Though early predictions had the industry braced for retail apocalypse 2.0, commercial real estate companies say so far, so good.
In the company’s first quarter earnings call, David Simon, chairman and CEO of Simon Property Group summed up the quarter, saying “Traffic is up. Sales are up. Demand is up and our numbers are catching up.”
Robert Taubman, chairman, president and CEO of Taubman centers, ran through a similar litany of pluses in his conversation with analysts.
“Obviously consumer confidence is up. The economy is doing well. Unemployment is low. Employment is high—all these things are positive, and in good assets you’re starting to see what we think is hopefully a retail revamp,” he said before tempering his remarks. “Now it’s one quarter. It’s too early to say, but we’ll see what happens in the coming quarters.”
While all mall owners may not be as positive as Simon and Taubman, those that have reported first quarter results thus far have acknowledged at least one bright spot: retail sales are up.
And not only is that a general trend, apparel retailers are contributing to the upswing.
“We’re seeing a broad-based recovery in retail,” Stephen Lebovitz, president and CEO of CBL Properties, said. The property group said sales were up by 4.1% in the quarter with a few notable chains showing signs of recovery. “We also saw improvement with a lot of categories that hadn’t been doing as well in the last year or so. Retailers like Abercrombie have really turned it around and so that helps. Foot Locker and Finish Line had good results. And Bath & Body.”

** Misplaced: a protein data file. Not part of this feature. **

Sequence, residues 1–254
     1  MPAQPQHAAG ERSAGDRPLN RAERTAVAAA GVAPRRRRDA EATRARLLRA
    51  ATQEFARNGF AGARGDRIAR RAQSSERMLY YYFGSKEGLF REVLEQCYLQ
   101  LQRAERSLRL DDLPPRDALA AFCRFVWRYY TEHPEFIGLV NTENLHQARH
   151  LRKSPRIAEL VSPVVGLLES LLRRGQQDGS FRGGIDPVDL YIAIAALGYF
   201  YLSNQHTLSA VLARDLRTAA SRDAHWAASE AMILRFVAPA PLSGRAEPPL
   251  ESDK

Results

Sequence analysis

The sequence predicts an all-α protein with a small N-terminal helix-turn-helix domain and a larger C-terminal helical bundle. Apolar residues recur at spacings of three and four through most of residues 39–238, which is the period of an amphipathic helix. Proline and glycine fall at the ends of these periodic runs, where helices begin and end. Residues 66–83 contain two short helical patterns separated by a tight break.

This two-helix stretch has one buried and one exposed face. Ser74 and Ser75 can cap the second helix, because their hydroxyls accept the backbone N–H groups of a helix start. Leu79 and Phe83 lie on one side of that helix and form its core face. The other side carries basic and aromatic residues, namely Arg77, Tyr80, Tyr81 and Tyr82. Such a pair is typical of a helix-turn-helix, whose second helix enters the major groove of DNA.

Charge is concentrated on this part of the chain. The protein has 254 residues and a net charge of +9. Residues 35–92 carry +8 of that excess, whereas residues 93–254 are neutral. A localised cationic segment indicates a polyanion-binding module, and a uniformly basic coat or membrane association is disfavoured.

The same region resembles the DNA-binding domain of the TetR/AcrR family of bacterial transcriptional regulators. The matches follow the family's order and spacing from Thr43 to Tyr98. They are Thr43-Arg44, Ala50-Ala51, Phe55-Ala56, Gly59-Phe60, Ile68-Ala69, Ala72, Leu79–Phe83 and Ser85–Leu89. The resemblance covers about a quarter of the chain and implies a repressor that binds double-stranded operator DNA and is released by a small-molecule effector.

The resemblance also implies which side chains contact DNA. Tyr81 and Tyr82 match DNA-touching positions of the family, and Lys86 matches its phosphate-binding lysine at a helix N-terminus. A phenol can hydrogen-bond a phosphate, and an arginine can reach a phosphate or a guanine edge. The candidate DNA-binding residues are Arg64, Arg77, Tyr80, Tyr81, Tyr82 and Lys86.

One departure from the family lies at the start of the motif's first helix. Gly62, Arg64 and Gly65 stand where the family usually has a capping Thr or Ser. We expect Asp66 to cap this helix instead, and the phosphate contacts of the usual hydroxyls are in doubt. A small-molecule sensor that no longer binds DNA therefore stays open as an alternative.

Beyond sales, Lebovitz said he sees other indicators that things are improving. “Retailers have really gotten more focused on profitability, too,” he said. “So sales is an important metric, but another encouraging sign is that the retailer profits have strengthened.”
Even with these gains, company continues to diversify its portfolio. “This quarter, we made solid progress toward diversifying our tenant base, with more non-apparel users as well as renewing and expanding with successful retail concepts,” Lebovitz said, adding hotels, medical offices and co-working businesses are on his radar.
Abercrombie also earned acknowledgement from Taubman for improved performance, along with Ralph Lauren, Uniqlo, Eddie Bauer and Ralph Lauren among others.
“We’re hopeful we’re seeing the initial signs of a real rebound in retail,” he said. “Aeropostale, Abercrombie, the Gap, Banana, these are mainstays of the mall. And when mainstays of the mall start to go up double-digit, that’s a really positive sign.”
Overall, Taubman reported a 10 percent increase in apparel and 20 percent in women’s shoes. Though he didn’t provide specific numbers, the chief executive said luxury brands like Louis Vuitton, Gucci and Dolce & Gabbana contributed to the “strong momentum” in luxury.
Momentum was the word Simon used to describe retail sales as well. He also pointed to an uptick in demand.
Simon president and COO Rick Sokolov agreed, saying retailers are interested in moving on more opportunities this year than last. “[Retailers] have more capital to spend, and they are more focused on new opportunities than they were last year,” he said.
Taubman said his properties are positioned to scoop up its share of the increased demand as well. “Across the board, retailers are acknowledging the critical importance of brick and mortar, and financially healthy retailers are actively seeking new space,” he said. ” These brands are being highly selective about the real estate decision and are only looking at opportunities in the best market in great assets like ours.”
Lebovitz is encouraged by the interested his company has received from a broad range of retailers, including traditional chains as well as online stores looking to put down roots.
On balance, Simon said it’s been “a strong start to the year.”
“We feel better about the business than in ’17,” Simon stated. “We gave you our judgment that bankruptcies would be less in ’18. So far, we’re right.”